Friday, April 14, 2006

Good Friday and the Atonement

On this day we commemorate Christ's death upon the cross. That death was a real death, with blood and pain and agony. None of this stuff, hinted at in the gospel of Judas, about Jesus being only a spirit that "seems" to die. None of the "swoon theory" silliness that posits that Jesus simply passed out on the cross, but didn't die. Mel Gibson's Passion of the Christ gets it -- this was messy suffering and dying.

I'm astonished at how many Christians then don't get it. I don't expect understanding from pagans -- after all the cross is a scandal, a stumbling block, and foolishness. We shouldn't expect them to get it (though we should long for it). But then I hear amazing things coming out of the mouths of Christian teachers. One teacher I had at a local institution said outright that she didn't believe in the Atonement. She claims to be all about grace -- she believes that God understands that we're just human. Her analogy was her cat -- when her cat pees on the floor, she says "that's just a cat being a cat -- I don't expect her to atone for it." And the murmurs of assent that bubbled up in the room showed me that I was a stranger in a strange land (and how ashamed I am that I didn't have the quickness of mind to speak up).

Then there was an article in City Beat newspaper that talked about liberal Christianity. I could spend a lot of time working through the article, but there was one section that just floored me. It quoted a local pastor on the atonement:

"Often what has happened in Christian orthodoxy is it's turned into a sacrifice of an innocent one to satisfy an angry God, a substitutionary atonement...The whole notion of a god who requires a sacrifice to be happy runs contrary to the life of Jesus." He goes on to say that Jesus' death was a result of the establishment's resistance to his revolutionary message: "The reason that Jesus died was not to make God happy and save us from God's wrath. The cross is a symbol of integrity. He died because he stood up for what he believed and wouldn't back down. We don't see the death of Jesus as a good thing." The article says that this pastor regards Jesus as pretty much a mystical activist human "I don't view Jesus as the son of God, but rather that is more metaphorical. Jesus is a gateway, an approach to God. We're much more like Jesus than we are different. I believe that Jesus did not want to be worshipped and Jesus did not see himself as God, and the parts of scripture that say this are layers that were added later."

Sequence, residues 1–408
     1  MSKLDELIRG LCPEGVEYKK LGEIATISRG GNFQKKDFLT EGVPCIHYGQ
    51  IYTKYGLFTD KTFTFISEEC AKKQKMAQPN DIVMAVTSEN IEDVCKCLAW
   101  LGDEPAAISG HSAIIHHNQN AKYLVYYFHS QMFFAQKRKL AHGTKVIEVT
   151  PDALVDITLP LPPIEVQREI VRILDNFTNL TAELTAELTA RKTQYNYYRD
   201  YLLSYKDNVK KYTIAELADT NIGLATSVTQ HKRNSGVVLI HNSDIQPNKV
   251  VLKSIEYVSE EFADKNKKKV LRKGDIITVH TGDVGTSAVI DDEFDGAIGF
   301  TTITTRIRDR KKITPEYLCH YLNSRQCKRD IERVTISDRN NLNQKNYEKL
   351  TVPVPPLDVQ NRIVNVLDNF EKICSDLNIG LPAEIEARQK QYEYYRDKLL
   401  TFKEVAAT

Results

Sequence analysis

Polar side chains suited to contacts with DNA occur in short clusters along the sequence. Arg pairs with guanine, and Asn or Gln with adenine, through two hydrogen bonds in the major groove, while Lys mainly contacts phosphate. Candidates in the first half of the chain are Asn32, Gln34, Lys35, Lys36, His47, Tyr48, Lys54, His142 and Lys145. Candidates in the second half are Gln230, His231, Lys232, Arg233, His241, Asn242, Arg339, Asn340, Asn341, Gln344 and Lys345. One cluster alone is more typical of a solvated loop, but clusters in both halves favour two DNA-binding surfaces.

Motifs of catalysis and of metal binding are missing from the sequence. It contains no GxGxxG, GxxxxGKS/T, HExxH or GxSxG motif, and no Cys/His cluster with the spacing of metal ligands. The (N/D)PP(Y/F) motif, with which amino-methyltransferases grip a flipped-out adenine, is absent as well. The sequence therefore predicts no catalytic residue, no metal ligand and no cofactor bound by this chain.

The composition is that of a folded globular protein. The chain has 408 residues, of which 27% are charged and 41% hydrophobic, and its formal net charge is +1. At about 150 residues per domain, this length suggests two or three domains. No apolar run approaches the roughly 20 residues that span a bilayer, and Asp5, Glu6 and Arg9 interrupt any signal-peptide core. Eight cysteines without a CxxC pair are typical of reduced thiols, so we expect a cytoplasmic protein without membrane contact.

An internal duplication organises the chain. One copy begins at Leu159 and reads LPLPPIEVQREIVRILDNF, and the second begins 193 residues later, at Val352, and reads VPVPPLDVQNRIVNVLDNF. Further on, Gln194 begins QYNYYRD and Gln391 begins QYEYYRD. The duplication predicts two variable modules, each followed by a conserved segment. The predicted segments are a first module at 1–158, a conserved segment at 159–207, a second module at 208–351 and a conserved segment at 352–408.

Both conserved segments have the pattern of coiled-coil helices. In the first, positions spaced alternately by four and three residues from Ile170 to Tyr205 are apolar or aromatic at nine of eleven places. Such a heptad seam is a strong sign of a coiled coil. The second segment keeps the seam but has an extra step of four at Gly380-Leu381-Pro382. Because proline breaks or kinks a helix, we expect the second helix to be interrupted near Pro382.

I guess I see things differently. The cross is the amazing intersection of holiness and compassion, justice and grace, divinity and humanity. It is the punishment that brings us healing. Indeed, by His wounds, we are healed. I certainly wouldn't have come up with it as a solution -- but I'm not God. Accepting the cross and the atonement as it is, blood and all, I suggest is a great act of humility. We don't fully understand God's ways -- but we trust this Jesus who died, and who rose.

As a wrap up to this, check out this article Michael Kruse linked to on his website: Mark Dever exploring the various "theories" of the atonement and showing why they all, especially the substitution, are necessary for Christians.

Soli Deo Gloria